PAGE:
The present study determined the use of VSA-3000 as potential diagnostic testing instrument for patients with CNS injury. Specifically, our primary aims were to determine the diagnostic accuracy of VSA-3000 against the reference standard of SSEP and to evaluate the superior accuracy compared with tuning fork in patients with CNS injury. Although the sample size was relatively small, this study provides preliminary support for the reliability and validity and the superior of this methodology in persons with stroke and SCI.

Reliability

In our sample of individuals with stroke and SCI, the test-retest reliability of threshold measures for vibratory detection showed substantial reliability (0.91). This result is consistent with studies in healthy, non-disabled subjects and in other patient populations (31, 46). A study by Felix and Widerström-Noga examined vibration thresholds across two test sessions in a sample of SCI patients with neuropathic pain and a sample of non-disabled control subjects, and the results showed that the ICCs were in the substantial range (0.86–0.90) (25). Two other studies have remarked on the stability of VPTs obtained in persons with SCI (24, 47). Krassioukov et al. found that the ICC in incomplete SCI patients for VPT was in the range 0.76–0.90 (24). A recent article aimed to determine the psychometric properties of the Graph-DCK Scale in people with SCI and neuropathic pain, involving detection of VPT in the test procedures, noted that ICCs for VPT were 0.83 and 0.85 for at-level assessment and below-level assessment, respectively (47). The previous studies results agree with our results, suggesting reasonable reliability of VPTs between sessions in patients with stroke and SCI.

Consistency

The high kappa value between VSA-3000 and SSEP reported in this study (0.877) indicated that there was excellent consistency between the two test results, which was higher than that between tuning fork and SSEP (0.732). Therefore, compared with tuning fork, the test results of VSA-3000 showed a higher degree of similarity to SSEP test results.

Some previous studies have focused on the relationships between VTPs and other measurements. Hayes et al.'s study found significant kappa values (denoted by κ) obtained from incomplete SCI patients for the association between VPT and light touch values for the right L4 (κ = 0.25) and left L4 (κ = 0.29) dermatomes and also a significant correlation between VPT and pinprick for the right L4 dermatome (κ = 0.33) (6). In addition, Santos et al. investigated the relationship between VPT and neuropathic signs of patients with type two diabetes, and found a clear trend toward progressively greater VPT in patients with mild and moderate/severe signs in contrast to patients with absent neuropathic signs (12).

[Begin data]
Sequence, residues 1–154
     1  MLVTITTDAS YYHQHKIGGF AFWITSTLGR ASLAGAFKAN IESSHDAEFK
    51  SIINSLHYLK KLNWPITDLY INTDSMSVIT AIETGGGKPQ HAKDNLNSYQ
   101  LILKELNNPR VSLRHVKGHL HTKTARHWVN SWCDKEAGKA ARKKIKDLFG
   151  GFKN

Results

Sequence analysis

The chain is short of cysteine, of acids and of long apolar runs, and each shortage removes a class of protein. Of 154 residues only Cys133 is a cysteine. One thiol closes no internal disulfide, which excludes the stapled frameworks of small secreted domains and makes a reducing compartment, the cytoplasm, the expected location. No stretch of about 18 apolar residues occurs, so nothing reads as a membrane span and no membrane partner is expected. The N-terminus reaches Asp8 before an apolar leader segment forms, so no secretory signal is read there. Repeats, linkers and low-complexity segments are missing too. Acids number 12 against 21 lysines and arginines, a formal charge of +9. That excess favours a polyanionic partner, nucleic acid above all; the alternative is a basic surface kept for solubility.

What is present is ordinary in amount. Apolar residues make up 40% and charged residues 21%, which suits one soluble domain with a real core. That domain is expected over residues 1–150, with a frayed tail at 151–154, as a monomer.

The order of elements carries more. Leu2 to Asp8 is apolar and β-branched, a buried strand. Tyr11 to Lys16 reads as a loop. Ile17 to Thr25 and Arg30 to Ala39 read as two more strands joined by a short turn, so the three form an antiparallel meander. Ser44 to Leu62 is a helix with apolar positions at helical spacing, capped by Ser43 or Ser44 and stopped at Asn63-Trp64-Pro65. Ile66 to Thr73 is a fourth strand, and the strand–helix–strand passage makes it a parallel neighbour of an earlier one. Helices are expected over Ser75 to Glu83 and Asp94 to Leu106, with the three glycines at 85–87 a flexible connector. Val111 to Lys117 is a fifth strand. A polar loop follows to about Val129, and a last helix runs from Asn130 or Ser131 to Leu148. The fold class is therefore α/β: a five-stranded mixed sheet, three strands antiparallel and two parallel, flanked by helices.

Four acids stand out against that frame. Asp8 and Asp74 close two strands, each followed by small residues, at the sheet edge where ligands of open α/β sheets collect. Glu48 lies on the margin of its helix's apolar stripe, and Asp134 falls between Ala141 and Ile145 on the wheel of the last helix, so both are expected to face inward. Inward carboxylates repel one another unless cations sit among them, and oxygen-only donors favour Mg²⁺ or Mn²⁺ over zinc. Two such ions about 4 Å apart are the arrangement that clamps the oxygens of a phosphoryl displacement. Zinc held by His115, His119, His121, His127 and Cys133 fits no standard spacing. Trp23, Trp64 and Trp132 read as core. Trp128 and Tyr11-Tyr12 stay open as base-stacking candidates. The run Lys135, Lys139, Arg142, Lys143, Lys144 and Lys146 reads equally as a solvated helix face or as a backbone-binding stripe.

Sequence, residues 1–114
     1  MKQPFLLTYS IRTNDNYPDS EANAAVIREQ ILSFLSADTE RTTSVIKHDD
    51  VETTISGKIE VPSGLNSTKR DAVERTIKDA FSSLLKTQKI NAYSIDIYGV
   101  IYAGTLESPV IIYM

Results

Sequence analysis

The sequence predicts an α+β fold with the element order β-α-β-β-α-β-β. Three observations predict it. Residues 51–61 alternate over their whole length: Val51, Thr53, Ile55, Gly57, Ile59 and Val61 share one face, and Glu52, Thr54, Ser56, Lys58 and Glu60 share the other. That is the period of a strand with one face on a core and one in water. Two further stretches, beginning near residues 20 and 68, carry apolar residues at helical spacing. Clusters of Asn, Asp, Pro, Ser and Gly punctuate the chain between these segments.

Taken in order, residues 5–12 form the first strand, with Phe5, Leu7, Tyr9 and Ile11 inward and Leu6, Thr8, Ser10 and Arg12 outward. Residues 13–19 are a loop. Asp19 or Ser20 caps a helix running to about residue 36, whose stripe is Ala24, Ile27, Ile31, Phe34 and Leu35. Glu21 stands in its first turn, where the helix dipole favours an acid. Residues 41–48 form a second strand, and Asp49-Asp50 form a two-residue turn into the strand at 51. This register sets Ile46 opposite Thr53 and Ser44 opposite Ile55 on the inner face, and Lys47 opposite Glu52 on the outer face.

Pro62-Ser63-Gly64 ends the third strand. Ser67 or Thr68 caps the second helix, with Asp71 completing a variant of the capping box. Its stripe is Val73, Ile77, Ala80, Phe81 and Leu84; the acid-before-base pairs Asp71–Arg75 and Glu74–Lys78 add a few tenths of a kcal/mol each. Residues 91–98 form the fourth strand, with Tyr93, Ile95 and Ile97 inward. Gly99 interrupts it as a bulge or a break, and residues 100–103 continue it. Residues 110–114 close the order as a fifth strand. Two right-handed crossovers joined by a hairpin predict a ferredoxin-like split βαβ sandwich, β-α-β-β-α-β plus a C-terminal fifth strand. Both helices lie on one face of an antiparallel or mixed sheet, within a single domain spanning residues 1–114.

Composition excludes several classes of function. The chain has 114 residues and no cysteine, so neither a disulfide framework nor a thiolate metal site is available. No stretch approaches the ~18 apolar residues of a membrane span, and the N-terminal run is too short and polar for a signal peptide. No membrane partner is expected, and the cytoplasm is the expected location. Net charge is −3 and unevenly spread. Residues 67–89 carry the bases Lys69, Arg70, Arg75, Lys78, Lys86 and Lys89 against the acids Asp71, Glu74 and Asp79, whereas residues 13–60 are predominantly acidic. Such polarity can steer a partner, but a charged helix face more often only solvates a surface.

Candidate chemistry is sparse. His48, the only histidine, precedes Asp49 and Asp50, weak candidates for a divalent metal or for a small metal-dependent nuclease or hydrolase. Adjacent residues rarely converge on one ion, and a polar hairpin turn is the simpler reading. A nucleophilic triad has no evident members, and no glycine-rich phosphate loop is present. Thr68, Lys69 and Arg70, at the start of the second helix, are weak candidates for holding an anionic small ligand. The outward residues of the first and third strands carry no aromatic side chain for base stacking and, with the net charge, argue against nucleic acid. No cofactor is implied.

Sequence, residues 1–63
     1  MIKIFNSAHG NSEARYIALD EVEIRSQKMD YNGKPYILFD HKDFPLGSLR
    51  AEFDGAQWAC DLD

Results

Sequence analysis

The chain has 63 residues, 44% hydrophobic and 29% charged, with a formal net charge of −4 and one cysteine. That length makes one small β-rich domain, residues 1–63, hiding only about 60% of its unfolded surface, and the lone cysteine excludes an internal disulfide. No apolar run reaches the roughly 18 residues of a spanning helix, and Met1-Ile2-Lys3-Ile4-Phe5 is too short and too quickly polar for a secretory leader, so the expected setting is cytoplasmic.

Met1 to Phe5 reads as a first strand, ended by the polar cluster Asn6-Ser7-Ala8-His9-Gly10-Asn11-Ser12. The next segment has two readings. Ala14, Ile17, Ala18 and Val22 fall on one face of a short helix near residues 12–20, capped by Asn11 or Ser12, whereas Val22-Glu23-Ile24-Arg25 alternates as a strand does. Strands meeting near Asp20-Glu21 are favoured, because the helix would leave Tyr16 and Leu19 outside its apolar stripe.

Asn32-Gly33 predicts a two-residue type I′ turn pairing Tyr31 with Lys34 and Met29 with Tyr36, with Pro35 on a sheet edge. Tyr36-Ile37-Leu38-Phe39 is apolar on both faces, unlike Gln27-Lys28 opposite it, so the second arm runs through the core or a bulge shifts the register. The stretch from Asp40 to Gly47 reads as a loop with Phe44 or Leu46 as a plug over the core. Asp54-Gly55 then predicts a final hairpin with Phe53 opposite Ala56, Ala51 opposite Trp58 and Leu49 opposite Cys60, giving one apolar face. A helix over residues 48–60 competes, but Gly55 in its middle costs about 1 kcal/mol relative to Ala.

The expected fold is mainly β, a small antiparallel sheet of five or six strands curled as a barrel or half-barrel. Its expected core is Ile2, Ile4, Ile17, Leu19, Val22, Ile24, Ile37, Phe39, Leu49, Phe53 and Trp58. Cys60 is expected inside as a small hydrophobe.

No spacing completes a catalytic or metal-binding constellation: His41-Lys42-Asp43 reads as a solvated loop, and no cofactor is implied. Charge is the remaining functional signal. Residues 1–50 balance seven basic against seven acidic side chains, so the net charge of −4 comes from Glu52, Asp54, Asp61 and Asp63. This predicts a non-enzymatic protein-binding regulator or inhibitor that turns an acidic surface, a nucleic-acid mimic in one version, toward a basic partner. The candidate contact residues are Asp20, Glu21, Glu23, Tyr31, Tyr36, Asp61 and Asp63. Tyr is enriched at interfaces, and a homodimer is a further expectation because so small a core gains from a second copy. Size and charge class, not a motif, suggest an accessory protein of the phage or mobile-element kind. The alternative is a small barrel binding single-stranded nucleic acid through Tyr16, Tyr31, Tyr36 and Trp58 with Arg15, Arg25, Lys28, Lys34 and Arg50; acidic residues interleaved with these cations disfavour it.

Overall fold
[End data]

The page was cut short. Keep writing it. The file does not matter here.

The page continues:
Validity

In addition to the examination of reliability and consistency of VPTs in persons with stroke and SCI, a preliminary analysis of the validity of VSA-3000 test as diagnostic and outcome measures was also examined.

The present study used the sensitivity, specificity, positive- and negative-predictive values and ROC curves, as used by Martin et al. (10), to evaluate the utility of VPT to predict proprioception impairment.

The sensitivity and negative-predictive value of VPT obtained in our study compared favorably to Martin et al.'s study (sensitivities between 72 and 93% and negative-predictive values between 58 and 91%), however, the specificities (47–63%) and positive-predictive values (37–80%) of Martin et al.'s were lower than our study (10). The ROC curves demonstrate the clear tradeoff between sensitivity and specificity when VPT is used as a predictor of proprioception impairment. The areas under the ROC curve (AUC) suggest that VPT performance is excellent (0.95), which is higher than Martin et al.'s study of using VPT as a measure of distal symmetrical peripheral neuropathy in type 1 diabetes (0.71–0.83) (10). Two other studies have showed fairly good predictive performance of VPT. Santos et al. found the AUC of VPT for detection of diabetic peripheral neuropathy (DPN) in patients with type two diabetes was 0.71 (12), and Pritchard et al.'s study showed the AUC for diagnosis of 4-year incident DPN in type 1 diabetes was 0.74 (14).